This hit a particular nerve with me because we know our babies are at a slightly higher risk for a congenital heart defect due to a genetic sibling being born with a hole in the heart. We’ve gotten the question on many occasions as to why we would pick embryos who had a higher risk for a problem. Wouldn’t we want to go with the “strongest” to increase our chances of “success?” Our answer has been that we were being obedient to God and His direction in our lives. I get bothered when I think about this question because it shows that many people perceive only “perfect” life as one of value. If you knew that your child would have asthma or autism or some other issue, would you have decided a different outcome for their life? Would picking different embryos have guaranteed us “perfect” children?

Another comment we have frequently gotten from people is “I bet you are glad all three embryos didn’t take.” Again, I get bothered because this devalues that little life. Would triplets have been more challenging and posed more risk? Absolutely! But are we going to celebrate that one didn’t make it? Absolutely not! Our celebration is the hope we have that one day we’ll meet him or her in heaven.

Our prayer is for healthy babies and that we’ll have the strength to get through any challenges we may face in the future. We also pray others would have the courage to value life no matter what the circumstances.


One of the most exciting parts in the embryo adoption process was selecting our embryos. We chose to do an anonymous adoption and after our May consultation with Dr. Keenan; we were told we would receive profiles near the end of July after the July transfer cycle was completed. I had spent that last two years praying for God’s will for our lives and for guidance for our future family. Once we started the adoption process I was praying for our “popsicle” babies that my mom lovingly called her “grandsicles”. We didn’t know where they would come from or anything about their biological families at this point, but I knew that God knew and He would keep them safe and prepare our hearts for them.

On July 31, 2009, at 4:30 in the afternoon, I received an e-fax from the now familiar area code and my heart leaped because I knew what it was. Contained in that fax were 40 donor profiles and I couldn’t wait to get home to print them out. The profiles contained basic physical information about the genetic parents as well as education, career, ethnicity, and national origin. I had no idea we would have so many to pick from and felt overwhelmed at the responsibility that was before us. How do you pick one and dismiss another?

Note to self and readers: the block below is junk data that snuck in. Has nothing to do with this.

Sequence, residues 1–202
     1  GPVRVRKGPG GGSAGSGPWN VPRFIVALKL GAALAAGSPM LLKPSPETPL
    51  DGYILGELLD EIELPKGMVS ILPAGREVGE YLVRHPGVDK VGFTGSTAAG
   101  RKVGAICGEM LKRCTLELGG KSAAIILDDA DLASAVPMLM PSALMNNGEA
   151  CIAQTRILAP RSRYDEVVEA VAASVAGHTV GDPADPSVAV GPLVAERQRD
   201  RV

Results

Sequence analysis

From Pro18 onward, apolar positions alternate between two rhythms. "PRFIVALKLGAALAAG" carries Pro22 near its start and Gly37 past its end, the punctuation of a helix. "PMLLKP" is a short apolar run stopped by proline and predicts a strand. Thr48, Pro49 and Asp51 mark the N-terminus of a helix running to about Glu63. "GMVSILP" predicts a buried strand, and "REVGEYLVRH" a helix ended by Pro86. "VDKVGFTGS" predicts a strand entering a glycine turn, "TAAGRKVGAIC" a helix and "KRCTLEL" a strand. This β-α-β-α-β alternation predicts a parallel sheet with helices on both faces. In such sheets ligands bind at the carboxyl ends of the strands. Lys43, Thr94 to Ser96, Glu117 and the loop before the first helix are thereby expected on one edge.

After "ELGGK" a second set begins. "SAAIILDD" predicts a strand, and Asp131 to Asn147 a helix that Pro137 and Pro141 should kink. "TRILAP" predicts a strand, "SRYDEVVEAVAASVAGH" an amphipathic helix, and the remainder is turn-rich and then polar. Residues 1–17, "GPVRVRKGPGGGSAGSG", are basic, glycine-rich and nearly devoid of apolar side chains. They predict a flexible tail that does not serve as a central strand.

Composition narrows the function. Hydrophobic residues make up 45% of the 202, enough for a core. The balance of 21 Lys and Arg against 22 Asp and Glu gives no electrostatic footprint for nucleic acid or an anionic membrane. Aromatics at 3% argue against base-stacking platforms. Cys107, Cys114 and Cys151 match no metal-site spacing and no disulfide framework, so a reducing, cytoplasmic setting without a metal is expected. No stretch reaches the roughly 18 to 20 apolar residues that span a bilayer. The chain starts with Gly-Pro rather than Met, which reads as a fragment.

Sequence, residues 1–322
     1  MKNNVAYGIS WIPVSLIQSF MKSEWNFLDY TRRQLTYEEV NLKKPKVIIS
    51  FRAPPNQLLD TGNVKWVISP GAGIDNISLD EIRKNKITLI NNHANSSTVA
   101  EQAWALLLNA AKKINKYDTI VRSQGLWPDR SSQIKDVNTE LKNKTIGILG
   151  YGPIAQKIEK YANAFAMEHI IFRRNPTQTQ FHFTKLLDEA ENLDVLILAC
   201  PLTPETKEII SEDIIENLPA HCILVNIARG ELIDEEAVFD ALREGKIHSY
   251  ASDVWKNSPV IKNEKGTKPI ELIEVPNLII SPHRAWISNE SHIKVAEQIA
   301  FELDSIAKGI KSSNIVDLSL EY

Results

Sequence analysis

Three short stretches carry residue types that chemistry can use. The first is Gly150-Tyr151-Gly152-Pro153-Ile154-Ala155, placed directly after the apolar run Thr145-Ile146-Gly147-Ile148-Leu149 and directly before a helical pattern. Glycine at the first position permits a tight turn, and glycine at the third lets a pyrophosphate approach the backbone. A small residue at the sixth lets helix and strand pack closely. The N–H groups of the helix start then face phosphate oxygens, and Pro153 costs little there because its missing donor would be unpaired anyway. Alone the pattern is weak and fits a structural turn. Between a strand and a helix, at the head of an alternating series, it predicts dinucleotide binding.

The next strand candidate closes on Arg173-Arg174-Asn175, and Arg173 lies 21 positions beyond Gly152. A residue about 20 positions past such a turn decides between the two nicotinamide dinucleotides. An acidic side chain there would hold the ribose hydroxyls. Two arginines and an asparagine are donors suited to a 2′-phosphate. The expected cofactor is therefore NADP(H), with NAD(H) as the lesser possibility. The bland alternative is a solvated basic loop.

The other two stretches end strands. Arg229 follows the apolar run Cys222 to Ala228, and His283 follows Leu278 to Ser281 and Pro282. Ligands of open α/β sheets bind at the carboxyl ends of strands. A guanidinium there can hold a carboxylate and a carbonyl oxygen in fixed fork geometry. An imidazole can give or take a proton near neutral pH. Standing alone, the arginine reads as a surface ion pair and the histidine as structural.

That night we looked through the profiles just to get an idea of what we were looking at and discussed some of the things we did or didn’t like about the profiles. Of the 40, there were 4 that were labeled “special consideration embryos.” This was due to some known medical issue with either the biological parents or siblings. We prayerfully began our selection process, picking profiles with similar physical characteristics to our own. One of the special consideration profiles had biological parents with characteristics very similar to Jeremy and me. I researched the issue listed and realized it wasn’t that big of a deal so we put them back in the stack and continued to narrow our list. The next day we had narrowed the field of 40 to 8 profiles. This included a favorite we called “the giants” because the biological parents were extremely tall. We left for church that Saturday with the profiles laid out across our coffee table and said we needed to pray some more.

At the end of our worship service we were singing the song “Overcome” and I was overwhelmed with emotion. Very clearly I saw a profile and knew God was placing this one on my heart. God was telling me that no matter what, with Him, we would overcome. I knew which babies were to be ours! We walked out of service and as we moved across the parking lot, I looked at Jeremy and said I knew which ones we were supposed to pick. He looked at me and said “the ones with the heart.” He also knew. See, the “special consideration” profile, which wasn’t at the top of our short list, were listed as such because of siblings born with history of Ventricular Septal Defect (VSD) otherwise known as a hole in the heart. We came home and quickly put the other seven profiles away and started staring at the sheet of paper listing only basic physical characteristics, but to us, this represented our children. We soon received the full medical history and with no concerns, we confirmed we wanted these little guys. Within the next few days it was confirmed that profile #1200 with 13 embryos was now ours.